Packaging + Advertising: Selling Products in the EU

August 22, 2009

LookAtVietnam - If a Vietnamese business is well aware of the market, trade conditions and culture of an EU country, that business could sell a lot of product in the EU.

Mr.Chu owns a big chain of retail stores in Hungary (while we have no idea how many stores he has, each one is 300 – 1000 square meters in size) and 10,000 customers come to shop at these stores each day. Mr. Chu did say that inferior Vietnamese products such as food, clothing, home interior and luxury goods can be sold in the EU.

If Vietnamese products can not be sold in the EU market, it is not because of low quality. Mr. Chu affirmed that most of products in home industry, light industry and domestic consumer goods are guaranteed of quality for EU consumers. However, Vietnamese businesses have to comprehend the culture and history of EU countries to have effective strategy to approach.

With personal experiences, Mr. Chu thinks that Vietnamese products found hard to approach EU consumers because of poor packaging and faltering marketing strategy.

It is obvious to anyone who has seen the shelves full of goods in the EU that attractive packaging is the norm. When people see attractive and protective packaging, they feel that the product inside most likely is also well produced. Attractive packaging, which adapts to culture and history of the directed market will appeal consumers to purchase.

Mr. Chu said that he sells Trung Nguyen Coffee G7 in his stores, or at least it is for sale. Although the coffee tastes good enough and its relatively cheap, very few people choose to buy it. Meanwhile, Nestle Cafe, a product with a long tradition of quality, sells well. Mr. Chu, with his Vietnamese sensibilities, feels that the problem is the use of the number ’7’. He says that it makes EU people think of iron, steel, chemical substances or politics like ’G7 countries’ (in the old time), but at any rate they do not see it as a quality Vietnamese beverage.

One time Mr. Chu received some Vietnamese canned mushrooms. The producer wanted him to sell this product in the EU. The label was brown with mushroom-shaped black spots. He returned it at once, emailing the exporter that any food product in a label like that would never sell. Mushrooms in the marketplace in the EU are always white. If they are brown that means that they are ready for the garbage.

VIFON’s prepared noodle package mix, is another Vietnamese product and it does sell well in beef pork and chicken flavors. Mr. Chu has been selling it in his stores for more than 10 years. Mr. Chu believes that if VIFON cared to refine its marketing strategy, it could learn about European culture and sell more product.

It might, for example, create products for children (labels with cute figures and even a free toy), and perhaps include ginseng in the ingredients for elderly people. Or sell it in a large, family-sized packages (with a picture of a happy family gathered around a hot bowl of noodles).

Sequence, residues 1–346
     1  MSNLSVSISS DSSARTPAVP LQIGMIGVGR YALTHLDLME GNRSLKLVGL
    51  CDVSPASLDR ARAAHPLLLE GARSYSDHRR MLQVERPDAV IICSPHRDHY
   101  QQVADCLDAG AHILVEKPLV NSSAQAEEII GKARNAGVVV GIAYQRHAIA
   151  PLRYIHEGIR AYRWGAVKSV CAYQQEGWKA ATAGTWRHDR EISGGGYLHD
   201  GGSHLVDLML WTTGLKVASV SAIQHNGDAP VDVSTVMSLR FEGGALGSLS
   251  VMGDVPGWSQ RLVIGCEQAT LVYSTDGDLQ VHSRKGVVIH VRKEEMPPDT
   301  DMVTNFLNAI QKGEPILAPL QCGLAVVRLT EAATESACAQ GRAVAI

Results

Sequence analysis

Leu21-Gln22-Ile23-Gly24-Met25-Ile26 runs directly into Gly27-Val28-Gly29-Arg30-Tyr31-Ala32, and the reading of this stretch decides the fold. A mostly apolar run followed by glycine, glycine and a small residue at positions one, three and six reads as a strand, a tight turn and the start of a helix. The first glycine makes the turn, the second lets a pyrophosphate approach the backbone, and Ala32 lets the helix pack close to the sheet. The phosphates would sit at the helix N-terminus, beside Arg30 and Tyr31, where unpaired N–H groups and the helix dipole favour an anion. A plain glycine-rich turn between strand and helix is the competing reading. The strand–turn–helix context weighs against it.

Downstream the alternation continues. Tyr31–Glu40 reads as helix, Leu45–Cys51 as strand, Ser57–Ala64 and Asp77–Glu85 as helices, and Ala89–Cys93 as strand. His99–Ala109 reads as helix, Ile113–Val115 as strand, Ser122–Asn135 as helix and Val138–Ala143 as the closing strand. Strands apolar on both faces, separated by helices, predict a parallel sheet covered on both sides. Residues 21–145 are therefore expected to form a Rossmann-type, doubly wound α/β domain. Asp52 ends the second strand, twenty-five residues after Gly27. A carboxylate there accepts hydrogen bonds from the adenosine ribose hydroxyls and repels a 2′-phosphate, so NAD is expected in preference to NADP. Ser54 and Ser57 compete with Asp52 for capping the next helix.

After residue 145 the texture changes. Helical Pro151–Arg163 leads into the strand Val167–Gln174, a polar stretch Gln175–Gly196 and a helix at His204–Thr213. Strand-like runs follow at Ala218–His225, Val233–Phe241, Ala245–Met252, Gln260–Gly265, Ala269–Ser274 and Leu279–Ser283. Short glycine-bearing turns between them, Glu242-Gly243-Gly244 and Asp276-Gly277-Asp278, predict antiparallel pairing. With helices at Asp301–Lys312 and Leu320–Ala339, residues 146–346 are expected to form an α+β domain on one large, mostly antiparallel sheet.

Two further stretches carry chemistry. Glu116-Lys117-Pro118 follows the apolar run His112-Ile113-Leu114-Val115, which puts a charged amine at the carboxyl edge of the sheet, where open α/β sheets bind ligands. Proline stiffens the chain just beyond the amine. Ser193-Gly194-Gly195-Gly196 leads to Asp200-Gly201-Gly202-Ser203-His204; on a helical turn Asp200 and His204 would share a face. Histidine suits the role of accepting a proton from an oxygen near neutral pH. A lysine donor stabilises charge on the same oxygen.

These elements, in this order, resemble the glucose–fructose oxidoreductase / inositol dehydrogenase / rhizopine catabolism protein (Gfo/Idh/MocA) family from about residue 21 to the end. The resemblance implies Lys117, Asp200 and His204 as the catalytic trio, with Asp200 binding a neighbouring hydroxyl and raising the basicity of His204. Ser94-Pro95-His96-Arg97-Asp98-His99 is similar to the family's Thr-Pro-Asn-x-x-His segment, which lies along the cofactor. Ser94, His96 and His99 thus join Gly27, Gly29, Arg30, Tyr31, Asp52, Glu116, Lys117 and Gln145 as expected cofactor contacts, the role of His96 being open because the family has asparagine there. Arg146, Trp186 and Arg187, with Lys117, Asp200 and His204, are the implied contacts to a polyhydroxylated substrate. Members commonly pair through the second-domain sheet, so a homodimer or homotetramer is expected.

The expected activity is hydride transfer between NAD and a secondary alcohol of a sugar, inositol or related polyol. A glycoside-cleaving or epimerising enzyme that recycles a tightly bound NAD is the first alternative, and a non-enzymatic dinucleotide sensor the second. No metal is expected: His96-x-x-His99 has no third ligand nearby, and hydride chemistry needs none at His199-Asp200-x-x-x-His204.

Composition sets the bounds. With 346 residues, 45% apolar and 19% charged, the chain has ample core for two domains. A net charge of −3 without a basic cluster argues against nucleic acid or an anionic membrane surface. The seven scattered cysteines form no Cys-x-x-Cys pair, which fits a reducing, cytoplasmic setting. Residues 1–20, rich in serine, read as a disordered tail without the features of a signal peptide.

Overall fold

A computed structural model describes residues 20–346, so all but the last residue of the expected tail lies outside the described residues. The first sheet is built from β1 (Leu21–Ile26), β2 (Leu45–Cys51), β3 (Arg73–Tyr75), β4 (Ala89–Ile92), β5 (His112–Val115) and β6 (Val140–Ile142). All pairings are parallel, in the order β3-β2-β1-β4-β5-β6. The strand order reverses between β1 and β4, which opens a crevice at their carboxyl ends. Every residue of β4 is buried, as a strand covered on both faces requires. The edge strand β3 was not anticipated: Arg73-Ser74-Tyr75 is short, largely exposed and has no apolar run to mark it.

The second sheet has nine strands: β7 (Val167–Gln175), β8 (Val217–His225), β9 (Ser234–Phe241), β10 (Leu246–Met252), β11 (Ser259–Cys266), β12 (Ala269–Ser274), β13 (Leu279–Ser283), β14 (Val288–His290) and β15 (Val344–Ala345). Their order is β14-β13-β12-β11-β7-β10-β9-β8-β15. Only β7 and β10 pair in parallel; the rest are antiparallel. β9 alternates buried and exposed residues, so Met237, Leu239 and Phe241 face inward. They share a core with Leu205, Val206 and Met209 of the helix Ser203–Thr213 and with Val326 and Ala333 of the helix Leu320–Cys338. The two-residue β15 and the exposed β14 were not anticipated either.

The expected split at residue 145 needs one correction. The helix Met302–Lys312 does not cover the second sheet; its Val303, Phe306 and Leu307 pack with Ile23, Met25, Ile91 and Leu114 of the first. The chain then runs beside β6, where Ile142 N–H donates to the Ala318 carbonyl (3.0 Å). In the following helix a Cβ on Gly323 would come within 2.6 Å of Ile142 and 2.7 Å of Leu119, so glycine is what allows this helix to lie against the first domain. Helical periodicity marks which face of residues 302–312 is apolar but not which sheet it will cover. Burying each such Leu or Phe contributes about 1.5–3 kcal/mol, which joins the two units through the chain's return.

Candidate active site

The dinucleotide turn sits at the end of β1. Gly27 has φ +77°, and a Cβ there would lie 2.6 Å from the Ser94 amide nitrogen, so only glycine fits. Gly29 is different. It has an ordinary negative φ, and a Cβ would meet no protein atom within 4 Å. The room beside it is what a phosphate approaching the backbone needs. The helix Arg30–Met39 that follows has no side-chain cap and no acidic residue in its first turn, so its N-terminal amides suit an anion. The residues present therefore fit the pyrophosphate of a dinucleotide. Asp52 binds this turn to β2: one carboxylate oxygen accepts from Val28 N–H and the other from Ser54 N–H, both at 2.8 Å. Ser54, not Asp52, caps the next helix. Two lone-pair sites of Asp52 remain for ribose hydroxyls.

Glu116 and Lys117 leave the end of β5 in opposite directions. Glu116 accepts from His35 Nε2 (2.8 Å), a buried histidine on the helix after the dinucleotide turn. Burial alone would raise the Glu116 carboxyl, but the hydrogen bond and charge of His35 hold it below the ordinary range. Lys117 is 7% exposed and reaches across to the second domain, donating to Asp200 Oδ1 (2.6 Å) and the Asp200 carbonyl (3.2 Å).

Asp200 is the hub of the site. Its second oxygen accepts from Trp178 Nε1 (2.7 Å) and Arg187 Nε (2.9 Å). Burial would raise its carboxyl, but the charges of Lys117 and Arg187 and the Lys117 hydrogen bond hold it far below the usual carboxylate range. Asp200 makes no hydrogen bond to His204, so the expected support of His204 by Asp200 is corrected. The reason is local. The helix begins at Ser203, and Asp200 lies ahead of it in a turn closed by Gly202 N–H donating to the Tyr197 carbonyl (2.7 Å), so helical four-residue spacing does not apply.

While the pine tree used to be a popular logo representing longevity and solidity in the West, it has become quite outdated. Presently brands such as L’oreal Paris, Schwarzkopt and Mercedes Benz are making use of bamboo in their advertising, and this has come to represent resilience, strength and international appeal. Mr. Chu thinks that EU consumers are ready to buy ’bamboo noodles’. Perhaps. Companies do make design changes to assert to consumers that the products are always improved and developed in quality, quantity and full of vitality.

There has been no methodical or effective marketing strategy by Vietnamese companies with regards to exports to the EU. Because their market research is poor or non-existent, many businesses sit on their hands, afraid after hearing stories of past failures.

The norm in the EU marketplace is for all producers to spend 10-30 percent of their sales earnings on marketing. They might do TV ads, flyers, posters, magazine ads, in-store advertising, promotion giveaways or a number of other things. Even having a person standing on the street or in front of a store works well relative to the cost involved. Each and every thing that is done to market a product takes that product into the consumers’ eyes and that makes it more likely that people will try it, and like it. And that’s when sales can begin to take off.

Currently Vietnamese products that are being sold in the EU are cheaper than similar products produced locally. Many Vietnamese businesses want to try to sell at a low price to increase sales volume.

While this could be effective, it could also happen that people will believe that the cheaper product is of lower quality and so they won’t buy it. A huge amount of VIFON noodles have been sold in Mr. Chu’s stores and it is cheap compared to a comparable local product. Mr. Chu is not so restricted when he sells Vietnamese products.

In fact, he raised the price of VIFON noodles by 10 percent – which could severely hurt sales – to, as he says, get money to spend on advertising. Mr. Chu said that he was justified in increasing the price because the selling price is still not as high as comparable products and anyway EU people don’t care about such a small amount of money. And, he makes the same amount on the sale of this brand because that 10 percent increase goes towards advertising. Mr. Chu has taken it upon himself to carry out a marketing strategy for VIFON noodles, and he believes that it is benefiting VIFON.

VietNamNet/VEN


 

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